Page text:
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"And in Your book they all were written, The days fashioned for me," N.K.J.V.

If David believed some of his days had been fashioned by God, he might, I suggest, have not included the day when "Then David sent messengers, and took her." 2 Samuel 11:2.

If David believed all his days were fashioned by God he would include that day.

If on a certain days God withdrew His grace to resist temptation, from David's life, so that David would be confronted by his sinful nature and thus in time be humbled, might this not as much as a day of forgiveness, be part of God's teaching programme or fashioning?

[Sometimes caring teachers give their pupils work where the pupil is certain to fail in order to correct their over-confidence that they can always and easily get things right. Educational psychologists have referred to 15% failure rate as best for optimum learning. "for One is your Teacher, the Christ". Mat 23:10].

In Psalm 139:16 is David saying that:

  1. absolutely all his days were fashioned by God and written in His book. or,

  2. all the days fashioned by God are written in His book. [Leaving room for some days to be not fashioned by God]?

I have tried here to make a case for 1 and 2 both being valid alternatives because the N.K.J.V. leaves, I think, some wriggle room for interpretation. So, does the Hebrew clearly endorse 1 or 2?

  • It feels like you’re arguing from the English translation. The verse is not referring to the things a man does everyday being fashioned but the (total number of) days ascribed to him. Why do you get the impression that it’s about God predetermining a man’s choices in advance? What am I missing? – Nihil Sine Deo Apr 18 '20 at 12:04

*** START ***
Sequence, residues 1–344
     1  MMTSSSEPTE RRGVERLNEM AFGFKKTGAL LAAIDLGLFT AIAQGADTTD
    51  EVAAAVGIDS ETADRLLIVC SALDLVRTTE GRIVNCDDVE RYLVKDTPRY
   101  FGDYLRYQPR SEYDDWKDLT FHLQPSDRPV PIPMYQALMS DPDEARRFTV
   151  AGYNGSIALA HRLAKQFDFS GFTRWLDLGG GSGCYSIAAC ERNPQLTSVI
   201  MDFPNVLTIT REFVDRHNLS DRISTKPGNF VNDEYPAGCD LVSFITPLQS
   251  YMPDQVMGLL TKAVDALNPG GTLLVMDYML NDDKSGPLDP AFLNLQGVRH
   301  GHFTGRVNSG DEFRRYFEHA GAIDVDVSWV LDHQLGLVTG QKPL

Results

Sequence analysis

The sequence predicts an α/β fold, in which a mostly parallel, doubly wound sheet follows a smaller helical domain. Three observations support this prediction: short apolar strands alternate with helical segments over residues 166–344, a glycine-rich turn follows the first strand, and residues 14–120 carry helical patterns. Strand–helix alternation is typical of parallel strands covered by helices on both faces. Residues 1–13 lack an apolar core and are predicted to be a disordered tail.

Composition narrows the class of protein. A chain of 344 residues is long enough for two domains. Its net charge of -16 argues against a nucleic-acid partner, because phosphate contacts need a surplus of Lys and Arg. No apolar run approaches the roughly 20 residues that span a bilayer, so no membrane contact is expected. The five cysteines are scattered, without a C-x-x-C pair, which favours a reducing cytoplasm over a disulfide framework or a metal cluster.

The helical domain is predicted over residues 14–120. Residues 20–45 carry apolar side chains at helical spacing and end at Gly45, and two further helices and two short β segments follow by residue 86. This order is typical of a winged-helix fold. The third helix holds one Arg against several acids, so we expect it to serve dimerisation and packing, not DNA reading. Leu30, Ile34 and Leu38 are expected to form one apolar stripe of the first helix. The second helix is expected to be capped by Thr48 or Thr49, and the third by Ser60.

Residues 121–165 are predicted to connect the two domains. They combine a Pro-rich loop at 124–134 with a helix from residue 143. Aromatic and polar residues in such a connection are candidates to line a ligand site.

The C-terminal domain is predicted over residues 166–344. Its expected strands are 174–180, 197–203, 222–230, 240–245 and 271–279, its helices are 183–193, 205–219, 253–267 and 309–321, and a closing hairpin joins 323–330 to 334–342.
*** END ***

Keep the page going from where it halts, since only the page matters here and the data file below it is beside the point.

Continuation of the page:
• @Nihil Sine Deo The biggest structures are made of the smallest parts. How could the overall shape be concluded without reference to the details? The total days would be constructed out of endless details, I think. – C. Stroud Apr 18 '20 at 13:03
  • Yes the biggest structure - life - is constructed of the total number of small parts - days - why are you adding more to days? It’s not predetermined what you do with those days. God created Lucifer, He didn’t then create satan. You can opt out of God’s plan. – Nihil Sine Deo Apr 18 '20 at 16:47
  • @Nihil Sine Deo I ask if the Hebrew clearly endorses 1 or 2. Whether one is a free-willer, compaibilist or hard-determinist should not affect the grammar, I think. – C. Stroud Apr 18 '20 at 17:14
  • Then why does your question not limit itself to the Hebrew and also include your two (incorrect) interpretations? – Nihil Sine Deo Apr 18 '20 at 17:21
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Psalm 139:16 New International Version

Your eyes saw my unformed body; all the days ordained for me were written in your book before one of them came to be.

This is the psalmist's way of expressing the concept of God's omniscience. Yes, absolutely all his days were fashioned by God and written in His book.

Despite David's grievous sins, God is in control:

1 Kings 15:5 For David had done what was right in the eyes of the LORD and had not failed to keep any of the LORD's commands all the days of his life--except in the case of Uriah the Hittite.

It shows the bigger picture of God's omniscience.

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Ellicott observes:

The Hebrew language likes to use a pronoun before the word to which it refers has occurred (see Note, Psalm 68:14); and, in spite of the accents, we must refer all of them to “days” (Authorised Version, “in continuance”).